Curly: Do you know what the secret of life is? [pointing index finger skyward]This.
Mitch: Your finger?
Curly: One thing. Just one thing. You stick to that and the rest don’t mean s**t.
Mitch: But what is the “one thing?”
Curly: [smiles, pointing his finger at Mitch] That’s what you have to find out.
Mitch goes on to help Curly deliver a calf, which Mitch names, Norman. Mitch later risks his own life to save Norman from a raging river during the cattle drive. These experiences cause Mitch to realize what the “one thing” is, and he goes back to New York with a new focus and sense of purpose.
The scene depicted by the narrative above is one of the most famous in movie history. It remains because it resonates. There is one thing that is most important, and once we realize that it puts everything else in a perspective.
38 Now as they were traveling along, He entered a village; and a woman named Martha welcomed Him into her home. 39 She had a sister called Mary, who was seated at the Lord’s feet, listening to His word. 40 But Martha was distracted with all her preparations; and she came up to Him and said, “Lord, do You not care that my sister has left me to do all the serving alone? Then tell her to help me.” 41 But the Lord answered and said to her, “Martha, Martha, you are worried and bothered about so many things; 42 but only one thing is necessary, for Mary has chosen the good part, which shall not be taken away from her.”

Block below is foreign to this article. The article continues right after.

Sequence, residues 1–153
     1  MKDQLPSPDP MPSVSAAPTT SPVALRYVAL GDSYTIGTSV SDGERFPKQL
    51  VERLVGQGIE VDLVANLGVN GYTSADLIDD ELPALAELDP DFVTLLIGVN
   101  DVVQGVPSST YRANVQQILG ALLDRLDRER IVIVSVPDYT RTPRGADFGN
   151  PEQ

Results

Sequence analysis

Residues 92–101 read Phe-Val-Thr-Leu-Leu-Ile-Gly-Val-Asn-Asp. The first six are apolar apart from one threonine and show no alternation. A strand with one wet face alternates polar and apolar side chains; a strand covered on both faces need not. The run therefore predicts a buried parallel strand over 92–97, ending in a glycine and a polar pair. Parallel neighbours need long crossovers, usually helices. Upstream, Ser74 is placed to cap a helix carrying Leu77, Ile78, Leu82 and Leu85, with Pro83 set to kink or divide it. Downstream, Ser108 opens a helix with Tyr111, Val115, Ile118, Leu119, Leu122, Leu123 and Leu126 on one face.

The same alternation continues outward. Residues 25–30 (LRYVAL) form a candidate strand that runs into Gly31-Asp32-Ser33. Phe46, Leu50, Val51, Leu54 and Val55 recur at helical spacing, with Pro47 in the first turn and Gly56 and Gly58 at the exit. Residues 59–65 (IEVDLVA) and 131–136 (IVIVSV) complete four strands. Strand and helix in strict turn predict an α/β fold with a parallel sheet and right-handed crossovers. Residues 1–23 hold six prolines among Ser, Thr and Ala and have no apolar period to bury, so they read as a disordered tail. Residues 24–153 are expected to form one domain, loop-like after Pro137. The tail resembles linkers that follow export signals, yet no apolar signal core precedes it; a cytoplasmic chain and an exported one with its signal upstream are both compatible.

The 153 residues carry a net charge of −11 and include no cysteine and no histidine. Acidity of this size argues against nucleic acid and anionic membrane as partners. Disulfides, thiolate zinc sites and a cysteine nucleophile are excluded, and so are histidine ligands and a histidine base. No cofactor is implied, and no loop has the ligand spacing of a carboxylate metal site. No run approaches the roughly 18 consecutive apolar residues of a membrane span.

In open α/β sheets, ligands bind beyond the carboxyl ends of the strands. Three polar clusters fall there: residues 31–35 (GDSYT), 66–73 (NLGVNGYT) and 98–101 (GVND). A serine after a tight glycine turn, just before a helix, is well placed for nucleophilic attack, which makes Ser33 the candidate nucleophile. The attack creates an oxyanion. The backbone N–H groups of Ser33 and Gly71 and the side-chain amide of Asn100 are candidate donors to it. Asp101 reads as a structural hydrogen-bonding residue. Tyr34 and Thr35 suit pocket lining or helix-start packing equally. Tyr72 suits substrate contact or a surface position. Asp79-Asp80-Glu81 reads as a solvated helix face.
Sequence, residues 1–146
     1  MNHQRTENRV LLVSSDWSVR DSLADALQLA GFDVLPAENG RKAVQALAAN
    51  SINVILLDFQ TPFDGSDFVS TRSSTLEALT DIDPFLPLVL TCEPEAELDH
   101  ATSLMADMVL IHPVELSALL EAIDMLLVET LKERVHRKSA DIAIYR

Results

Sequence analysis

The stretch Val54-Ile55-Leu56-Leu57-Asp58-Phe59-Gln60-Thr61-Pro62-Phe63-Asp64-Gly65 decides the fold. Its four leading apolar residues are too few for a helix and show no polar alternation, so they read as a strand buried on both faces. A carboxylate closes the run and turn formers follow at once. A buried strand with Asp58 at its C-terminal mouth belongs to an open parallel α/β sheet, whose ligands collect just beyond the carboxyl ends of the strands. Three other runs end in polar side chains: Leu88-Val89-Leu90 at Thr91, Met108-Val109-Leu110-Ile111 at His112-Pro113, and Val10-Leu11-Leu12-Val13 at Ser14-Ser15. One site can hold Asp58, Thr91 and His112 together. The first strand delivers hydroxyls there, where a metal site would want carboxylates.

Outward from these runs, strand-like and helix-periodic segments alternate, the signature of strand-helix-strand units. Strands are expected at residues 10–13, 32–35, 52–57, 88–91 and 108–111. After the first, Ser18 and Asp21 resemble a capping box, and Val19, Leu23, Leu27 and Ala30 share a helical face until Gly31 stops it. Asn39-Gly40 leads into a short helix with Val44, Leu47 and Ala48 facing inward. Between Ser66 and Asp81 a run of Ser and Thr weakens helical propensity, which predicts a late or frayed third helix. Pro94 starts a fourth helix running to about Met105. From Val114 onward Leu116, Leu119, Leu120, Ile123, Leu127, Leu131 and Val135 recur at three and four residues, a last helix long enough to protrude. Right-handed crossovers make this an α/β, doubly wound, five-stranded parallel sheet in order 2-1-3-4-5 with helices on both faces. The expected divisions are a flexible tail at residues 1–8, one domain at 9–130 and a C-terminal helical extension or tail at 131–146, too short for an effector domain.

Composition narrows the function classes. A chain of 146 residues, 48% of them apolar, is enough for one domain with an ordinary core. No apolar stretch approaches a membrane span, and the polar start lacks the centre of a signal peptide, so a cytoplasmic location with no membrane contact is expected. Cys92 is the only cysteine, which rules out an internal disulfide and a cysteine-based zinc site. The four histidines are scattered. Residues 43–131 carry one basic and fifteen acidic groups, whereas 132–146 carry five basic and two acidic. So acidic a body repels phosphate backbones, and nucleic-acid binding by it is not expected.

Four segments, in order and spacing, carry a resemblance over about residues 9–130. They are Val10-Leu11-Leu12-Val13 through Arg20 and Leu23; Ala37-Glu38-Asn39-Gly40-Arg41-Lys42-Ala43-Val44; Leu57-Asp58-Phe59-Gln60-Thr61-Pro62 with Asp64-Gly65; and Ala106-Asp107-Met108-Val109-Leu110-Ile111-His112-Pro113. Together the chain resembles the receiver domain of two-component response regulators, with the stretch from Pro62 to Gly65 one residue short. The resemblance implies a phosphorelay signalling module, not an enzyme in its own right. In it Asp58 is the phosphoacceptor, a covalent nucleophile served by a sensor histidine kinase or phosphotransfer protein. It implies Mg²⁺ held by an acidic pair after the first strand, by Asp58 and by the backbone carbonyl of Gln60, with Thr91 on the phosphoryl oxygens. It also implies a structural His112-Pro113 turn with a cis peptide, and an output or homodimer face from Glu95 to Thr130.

Martha was focused on many things, probably preparing a meal, being a good host, and maintaining her reputation amongst her guests. This caused her anxiety, as a multitude of cascading concerns can.
But Jesus cut through it all, “…only one thing is necessary. For Mary has chosen the good part…” Luke 10:42. Mary had correctly chosen the one thing, and that one thing was her relationship with Jesus.
The Apostle Paul would later make a similar choice. Once he did, like Curly in City Slickers, he considered everything else “dung.” Philippians 3:8 (KJV)
We live in a far more complex world than that of the first century, but it gives rise to the same anxieties and confusion. Recognizing one’s relationship with Jesus is the one thing more important than anything reorders everything. GS
I have a relative who is a Christian and constantly posts on Facebook derogatory comments about Joe Biden and and all things Democrat. They are the kind of posts you would find offensive if you were a Democrat. So, I asked him one day if he had any friends who were Democrats. He said, “I don’t think so.”